LOS ANGELES — “I want to share the things I appreciate in my world,” Michael Alvarez tells Hyperallergic, “places I fell in love with for different reasons.” These are the liminal spaces of Los Angeles: the rail yards, freeway underpasses, and public parks that act as the city’s connective tissue. As a skateboarder and graffiti artist growing up in the neighborhood of El Sereno, a few miles northeast of downtown LA, these were Alvarez’s playgrounds, where he found community and honed his craft.
His current solo show at Matthew Brown Gallery in the city’s Fairfax District features large-scale paintings that depict these sites, juxtaposing large expanses of sky and concrete with intimate human details reminiscent of Northern European Renaissance landscapes. Using dozens of reference photos for each work, Alvarez builds up his canvases with oil, spray paint, and collage, giving an impression not of a static scene, but of movement, life, and memory, filled with ghostly palimpsests.
He pastes in bits of debris picked up along his urban excursions: peeling wall paint, crushed bottle caps, latex, and other pieces of grime and gunk — along with years of “paint scabs” from his studio — constructing his landscapes from scraps of literal ones.
“Barrier Bash (Art Show at the D.I.Y)” (2022) reproduces an open-air art show that Alvarez organized with his friend and fellow artist Tomas (depicted in the foreground with a blue shirt and khakis) on an El Sereno dead-end street that abuts train tracks. Against a backdrop of blue sky and green hills, a crowd of visitors peruses miniature versions of Alvarez’s paintings that hang nearby. In “Neighborhood Watch” (2012), a lively street scene on Eastern Avenue is interrupted by a car crash in the center of the painting, perhaps a nod to pioneering Chicano artist Carlos Almaraz’s fiery crash paintings. The damage is partially obscured by the large, bald head of Alvarez’s uncle Frank, highlighting the importance of family that is showcased in another series of works on view that take inspiration from family photo albums.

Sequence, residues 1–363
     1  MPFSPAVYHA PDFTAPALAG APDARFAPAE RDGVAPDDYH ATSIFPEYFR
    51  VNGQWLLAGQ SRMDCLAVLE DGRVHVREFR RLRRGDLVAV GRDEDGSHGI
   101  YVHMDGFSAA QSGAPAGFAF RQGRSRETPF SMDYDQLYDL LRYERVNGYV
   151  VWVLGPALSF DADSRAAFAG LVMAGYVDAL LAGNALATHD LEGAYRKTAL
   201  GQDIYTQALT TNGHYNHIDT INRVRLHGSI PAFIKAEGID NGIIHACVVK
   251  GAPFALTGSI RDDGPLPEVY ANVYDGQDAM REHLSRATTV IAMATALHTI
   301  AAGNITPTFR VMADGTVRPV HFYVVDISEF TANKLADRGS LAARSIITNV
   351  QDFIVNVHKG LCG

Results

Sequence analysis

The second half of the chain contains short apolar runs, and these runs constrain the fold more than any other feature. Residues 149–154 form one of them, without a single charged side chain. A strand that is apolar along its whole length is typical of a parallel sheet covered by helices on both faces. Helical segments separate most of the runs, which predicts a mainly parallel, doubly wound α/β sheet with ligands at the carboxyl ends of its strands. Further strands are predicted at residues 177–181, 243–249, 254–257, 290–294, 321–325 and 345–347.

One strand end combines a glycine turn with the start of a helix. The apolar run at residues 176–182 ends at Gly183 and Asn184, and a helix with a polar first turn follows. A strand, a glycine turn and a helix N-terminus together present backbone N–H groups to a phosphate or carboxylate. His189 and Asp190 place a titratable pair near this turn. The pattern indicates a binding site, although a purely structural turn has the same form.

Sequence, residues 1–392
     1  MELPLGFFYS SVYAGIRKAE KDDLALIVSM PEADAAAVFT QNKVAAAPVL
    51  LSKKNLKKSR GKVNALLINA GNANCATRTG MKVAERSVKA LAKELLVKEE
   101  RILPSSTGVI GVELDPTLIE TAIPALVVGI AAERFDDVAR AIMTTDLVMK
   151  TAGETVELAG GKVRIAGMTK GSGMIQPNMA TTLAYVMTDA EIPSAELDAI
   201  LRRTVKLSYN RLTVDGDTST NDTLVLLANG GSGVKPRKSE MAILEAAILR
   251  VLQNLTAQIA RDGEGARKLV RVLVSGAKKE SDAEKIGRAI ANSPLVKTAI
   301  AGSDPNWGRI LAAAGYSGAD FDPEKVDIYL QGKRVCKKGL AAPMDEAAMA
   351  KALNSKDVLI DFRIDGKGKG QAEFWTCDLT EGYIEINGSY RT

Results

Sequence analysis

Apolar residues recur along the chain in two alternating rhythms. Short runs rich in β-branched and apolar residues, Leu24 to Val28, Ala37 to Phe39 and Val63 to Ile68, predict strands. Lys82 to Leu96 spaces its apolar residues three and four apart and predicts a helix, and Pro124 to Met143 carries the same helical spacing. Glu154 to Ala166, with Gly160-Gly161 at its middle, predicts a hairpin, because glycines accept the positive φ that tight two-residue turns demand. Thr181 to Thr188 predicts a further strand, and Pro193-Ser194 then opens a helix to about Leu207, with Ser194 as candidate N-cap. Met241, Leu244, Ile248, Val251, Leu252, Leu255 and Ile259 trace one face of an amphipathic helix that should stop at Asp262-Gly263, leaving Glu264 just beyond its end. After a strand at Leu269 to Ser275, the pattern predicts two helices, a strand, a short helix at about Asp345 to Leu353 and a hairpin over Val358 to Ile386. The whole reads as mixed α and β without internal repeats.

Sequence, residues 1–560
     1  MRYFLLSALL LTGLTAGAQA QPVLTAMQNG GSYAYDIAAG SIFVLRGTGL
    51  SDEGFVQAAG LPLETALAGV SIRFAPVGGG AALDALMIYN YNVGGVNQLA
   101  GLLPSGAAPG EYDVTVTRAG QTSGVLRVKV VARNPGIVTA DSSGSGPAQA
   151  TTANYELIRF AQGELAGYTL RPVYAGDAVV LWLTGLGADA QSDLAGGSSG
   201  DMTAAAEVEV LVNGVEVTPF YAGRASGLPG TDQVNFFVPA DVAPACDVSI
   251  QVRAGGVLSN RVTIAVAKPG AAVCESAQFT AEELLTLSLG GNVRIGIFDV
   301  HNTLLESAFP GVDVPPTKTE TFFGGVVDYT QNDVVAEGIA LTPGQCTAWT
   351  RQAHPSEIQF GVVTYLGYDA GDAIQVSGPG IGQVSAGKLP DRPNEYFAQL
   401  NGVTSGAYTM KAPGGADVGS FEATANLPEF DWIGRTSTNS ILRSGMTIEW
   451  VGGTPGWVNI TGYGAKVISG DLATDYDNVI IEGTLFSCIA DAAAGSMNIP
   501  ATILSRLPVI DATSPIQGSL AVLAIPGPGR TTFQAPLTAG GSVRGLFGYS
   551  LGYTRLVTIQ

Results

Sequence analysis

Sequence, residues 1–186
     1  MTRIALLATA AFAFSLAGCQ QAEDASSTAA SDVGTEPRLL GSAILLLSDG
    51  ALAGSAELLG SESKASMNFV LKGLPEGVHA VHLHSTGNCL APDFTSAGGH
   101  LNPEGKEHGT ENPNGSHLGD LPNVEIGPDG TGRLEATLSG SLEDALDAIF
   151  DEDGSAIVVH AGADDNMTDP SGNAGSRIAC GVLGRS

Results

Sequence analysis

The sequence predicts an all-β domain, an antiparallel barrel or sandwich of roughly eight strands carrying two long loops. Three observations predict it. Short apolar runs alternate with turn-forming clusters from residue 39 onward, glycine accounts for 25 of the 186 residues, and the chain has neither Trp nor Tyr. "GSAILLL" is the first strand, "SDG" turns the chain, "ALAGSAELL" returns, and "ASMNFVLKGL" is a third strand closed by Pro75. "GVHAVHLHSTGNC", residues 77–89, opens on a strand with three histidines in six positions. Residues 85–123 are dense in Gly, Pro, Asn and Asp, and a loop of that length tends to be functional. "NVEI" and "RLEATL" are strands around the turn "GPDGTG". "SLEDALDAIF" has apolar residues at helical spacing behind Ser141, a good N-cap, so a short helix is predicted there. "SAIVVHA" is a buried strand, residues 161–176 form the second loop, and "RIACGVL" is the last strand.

“For Vincent (Last Mission)” (2022) is a memorial image to Alvarez’s cousin Vincent, who lost his life to gun violence in 2008, just months after being released from prison. “We grew up together. Art was a big connection,” he says, adding that the two would send drawings and photos back and forth while Vincent was incarcerated. “Life took us on different tracks.”
Removed from the asphalt and concrete of most of his paintings is the verdant landscape in “Take a Hike” (2014), which depicts Hermit Falls, a popular hiking and swimming spot nestled into the base of Angeles National Forest. “As someone who’s grown up in the city, for me it feels like a break from the density of everything,” Alvarez notes.
The show’s title, Good Looking Out, has multiple meanings, initially referring to Alvarez’s role as a young lookout for his friends when they were illicitly tagging. It also refers to the wonder that can be gleaned from just keeping your eyes open and being aware of your surroundings, however banal. His paintings share this sense of discovery and exploration amongst the dirt and danger.
“I’m trying to find moments that stood out to me that felt optimistic, but that have impressions of trauma and heaviness,” Alvarez explained. “There’s so much resilience that I’m lucky to be around and absorb.”